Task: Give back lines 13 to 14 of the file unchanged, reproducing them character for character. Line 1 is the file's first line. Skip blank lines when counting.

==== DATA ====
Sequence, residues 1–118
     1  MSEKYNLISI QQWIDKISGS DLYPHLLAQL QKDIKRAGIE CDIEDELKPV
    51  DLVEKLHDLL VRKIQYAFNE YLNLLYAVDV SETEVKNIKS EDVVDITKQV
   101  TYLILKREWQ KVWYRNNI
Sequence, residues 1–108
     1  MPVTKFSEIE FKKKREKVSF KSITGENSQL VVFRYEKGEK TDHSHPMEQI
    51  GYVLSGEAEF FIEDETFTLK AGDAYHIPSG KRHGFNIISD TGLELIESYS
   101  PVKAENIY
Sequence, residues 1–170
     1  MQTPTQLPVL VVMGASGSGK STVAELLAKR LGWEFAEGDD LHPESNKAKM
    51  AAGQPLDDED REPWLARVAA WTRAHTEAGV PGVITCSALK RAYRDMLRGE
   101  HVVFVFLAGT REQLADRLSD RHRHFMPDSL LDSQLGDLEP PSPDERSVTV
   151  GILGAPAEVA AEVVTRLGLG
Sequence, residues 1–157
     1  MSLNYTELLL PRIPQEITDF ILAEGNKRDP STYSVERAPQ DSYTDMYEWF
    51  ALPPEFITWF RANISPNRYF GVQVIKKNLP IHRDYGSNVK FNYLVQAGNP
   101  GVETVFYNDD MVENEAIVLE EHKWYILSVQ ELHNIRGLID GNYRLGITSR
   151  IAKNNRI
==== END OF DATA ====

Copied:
   151  GILGAPAEVA AEVVTRLGLG
Sequence, residues 1–157